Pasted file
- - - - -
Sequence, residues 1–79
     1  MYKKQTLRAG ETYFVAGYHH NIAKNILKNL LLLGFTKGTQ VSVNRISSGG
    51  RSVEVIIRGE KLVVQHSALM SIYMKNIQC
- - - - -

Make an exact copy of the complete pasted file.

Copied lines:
Sequence, residues 1–79
     1  MYKKQTLRAG ETYFVAGYHH NIAKNILKNL LLLGFTKGTQ VSVNRISSGG
    51  RSVEVIIRGE KLVVQHSALM SIYMKNIQC